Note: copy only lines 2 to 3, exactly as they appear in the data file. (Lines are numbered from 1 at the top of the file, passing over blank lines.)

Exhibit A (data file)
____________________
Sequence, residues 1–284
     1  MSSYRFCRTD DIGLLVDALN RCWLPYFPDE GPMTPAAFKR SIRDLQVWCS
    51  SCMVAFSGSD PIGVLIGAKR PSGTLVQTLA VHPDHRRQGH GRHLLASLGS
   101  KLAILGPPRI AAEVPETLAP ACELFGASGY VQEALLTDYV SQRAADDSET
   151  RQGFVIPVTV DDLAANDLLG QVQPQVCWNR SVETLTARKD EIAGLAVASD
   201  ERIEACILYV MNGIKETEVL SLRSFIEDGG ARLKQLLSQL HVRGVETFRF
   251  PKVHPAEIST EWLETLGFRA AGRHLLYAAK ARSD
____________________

     1  MSSYRFCRTD DIGLLVDALN RCWLPYFPDE GPMTPAAFKR SIRDLQVWCS
    51  SCMVAFSGSD PIGVLIGAKR PSGTLVQTLA VHPDHRRQGH GRHLLASLGS